Special Issue

Title: Health Equity in Neuroscience


Editor
: Gerald Pfeffer, MD

Article Publishing Charge (APC): None
Submission deadline
: June 30, 2022
To be published: August 2022
(Articles will still be published "online-first" prior to the release of the special issue)

Description: We are inviting articles (Original Research, Commentary, and Review Articles) on the subject of health disparities, and means to improve equity for patients and practitioners in the neurological sciences (neurology, neurosurgery, psychiatry, and physiatry). For this special issue there will be no article processing charges. An award will designated in the amount of $500 to the best article contributed by a first-author trainee (undergraduate or graduate student, medical student, resident or fellow) following publication of the special issue in July 2022.

 

Articles Online First

Ways of Knowing of the Brain and Mind: A Scoping Review of the Literature about Global Indigenous Perspectives
Louise Harding, Caterina J. Marra, Vyshnavi Manohara, Judy Illes
Neuroethics Canada, Division of Neurology, Department of Medicine, University of British Columbia, Vancouver, British Columbia, Canada

Abstract

Introduction

Indigenous peoples’ pursuit of brain health has been challenged by the violation of their rights to practice their cultures, speak their languages, and engage in traditional medical practices. Despite ongoing systemic oppression, Indigenous knowledges and healing practices endure today and contribute to global understandings of the brain and mind. We conducted a scoping review of the academic literature – both research and reviews – that has examined the perspectives of global Indigenous peoples relevant to the neurological sciences.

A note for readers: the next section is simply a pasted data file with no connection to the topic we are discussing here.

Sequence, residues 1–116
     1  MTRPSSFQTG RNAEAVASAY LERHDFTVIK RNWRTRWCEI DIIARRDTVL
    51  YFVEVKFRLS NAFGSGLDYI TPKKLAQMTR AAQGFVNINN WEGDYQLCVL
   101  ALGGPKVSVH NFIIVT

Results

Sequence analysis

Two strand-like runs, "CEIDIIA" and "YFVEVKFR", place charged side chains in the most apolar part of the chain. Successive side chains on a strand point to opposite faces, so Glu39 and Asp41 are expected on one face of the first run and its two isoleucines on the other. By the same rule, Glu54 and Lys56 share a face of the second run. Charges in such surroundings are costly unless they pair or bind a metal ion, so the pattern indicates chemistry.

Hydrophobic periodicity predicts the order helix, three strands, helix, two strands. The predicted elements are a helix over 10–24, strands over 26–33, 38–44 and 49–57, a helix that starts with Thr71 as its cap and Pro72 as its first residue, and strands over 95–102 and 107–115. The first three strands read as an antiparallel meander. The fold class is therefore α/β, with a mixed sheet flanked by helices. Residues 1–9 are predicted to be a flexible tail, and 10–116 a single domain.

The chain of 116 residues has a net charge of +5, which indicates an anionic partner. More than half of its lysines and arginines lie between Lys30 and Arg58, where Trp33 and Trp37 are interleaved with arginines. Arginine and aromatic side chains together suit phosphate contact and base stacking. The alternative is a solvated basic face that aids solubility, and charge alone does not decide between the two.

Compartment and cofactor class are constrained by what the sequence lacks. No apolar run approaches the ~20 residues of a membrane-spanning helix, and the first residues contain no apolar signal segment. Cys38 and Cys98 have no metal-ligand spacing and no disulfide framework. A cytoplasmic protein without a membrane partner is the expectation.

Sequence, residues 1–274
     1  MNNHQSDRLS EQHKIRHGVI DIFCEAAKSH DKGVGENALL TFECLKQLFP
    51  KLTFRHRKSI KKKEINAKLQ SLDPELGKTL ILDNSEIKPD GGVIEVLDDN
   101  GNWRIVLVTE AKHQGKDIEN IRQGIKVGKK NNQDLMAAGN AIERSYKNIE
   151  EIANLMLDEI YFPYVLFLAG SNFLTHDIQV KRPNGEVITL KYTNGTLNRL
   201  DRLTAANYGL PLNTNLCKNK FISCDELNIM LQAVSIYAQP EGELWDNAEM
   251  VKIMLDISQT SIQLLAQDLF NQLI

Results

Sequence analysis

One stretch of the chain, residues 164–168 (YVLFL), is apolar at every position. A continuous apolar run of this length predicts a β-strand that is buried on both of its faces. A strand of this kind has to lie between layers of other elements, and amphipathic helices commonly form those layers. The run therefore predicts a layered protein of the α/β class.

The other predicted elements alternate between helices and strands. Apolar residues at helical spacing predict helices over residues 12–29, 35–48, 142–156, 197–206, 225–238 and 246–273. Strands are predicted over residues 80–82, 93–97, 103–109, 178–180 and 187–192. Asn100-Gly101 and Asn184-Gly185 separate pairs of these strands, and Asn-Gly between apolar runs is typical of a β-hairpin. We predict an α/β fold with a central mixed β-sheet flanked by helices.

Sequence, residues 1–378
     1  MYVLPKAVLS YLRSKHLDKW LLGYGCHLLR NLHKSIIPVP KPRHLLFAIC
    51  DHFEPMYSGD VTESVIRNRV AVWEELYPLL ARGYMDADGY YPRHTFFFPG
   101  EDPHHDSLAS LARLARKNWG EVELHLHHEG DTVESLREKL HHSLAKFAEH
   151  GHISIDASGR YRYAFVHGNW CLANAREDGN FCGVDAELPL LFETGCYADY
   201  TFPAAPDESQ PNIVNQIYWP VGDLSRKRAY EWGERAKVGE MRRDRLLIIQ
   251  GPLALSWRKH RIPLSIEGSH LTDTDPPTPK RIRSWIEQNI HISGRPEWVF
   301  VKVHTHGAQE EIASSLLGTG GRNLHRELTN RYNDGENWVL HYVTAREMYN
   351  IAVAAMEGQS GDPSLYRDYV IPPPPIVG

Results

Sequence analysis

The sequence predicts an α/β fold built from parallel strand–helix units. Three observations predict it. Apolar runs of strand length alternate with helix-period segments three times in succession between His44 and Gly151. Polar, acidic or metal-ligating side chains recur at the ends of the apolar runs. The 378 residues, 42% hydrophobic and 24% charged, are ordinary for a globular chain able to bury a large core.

Methods and Results


We searched three academic databases using phrases and terms pertaining to brain, neuro, mind, and Indigenous populations. Of the 66 articles included for analysis, 46 were research and 20 reviews or commentaries. The earliest date of publication was 1963; the majority were published after 2000. Most research studies involved consultations through focus groups or interviews, and involved people spanning all age groups. Sixty Indigenous communities were identified in the articles across 21 countries and regions and 5 continents. By contrast, the countries of affiliation of the corresponding authors were far less diverse: two thirds were affiliated with institutions in the USA, Canada, Australia, or New Zealand. Only seven authors were in Latin America or Asia, and there were no corresponding authors primarily affiliated with institutions in Africa. The most prevalent focus of the articles was on mental health and illness, followed by aging and dementia. Ethics topics were embedded throughout two thirds of articles, with substantial coverage of issues pertaining to public policy and public health, and cultural diversity and heterogeneity. The concepts of wellness and well-being, spirituality, holism and relationality were prominent reference features of this diverse body of research.

Discussion


This work supports the meaningful incorporation of Indigenous knowledges into initiatives involving the neurological sciences, such as the International Brain Initiative, the Canadian Brain Research Strategy, and the USA NIH BRAIN 2.0. Research with Indigenous populations that is collaborative and situates ethics at its core is key to the realization of a truly global, collaborative neuroscience.

Full Text


Auditing the Impact of Neuro-Advancements on Health Equity
Gregor Wolbring
Community Rehabilitation and Disability Studies, Department of Community Health Sciences, Cumming School of Medicine, University of Calgary, Calgary T2N4N1, AB, Canada

Abstract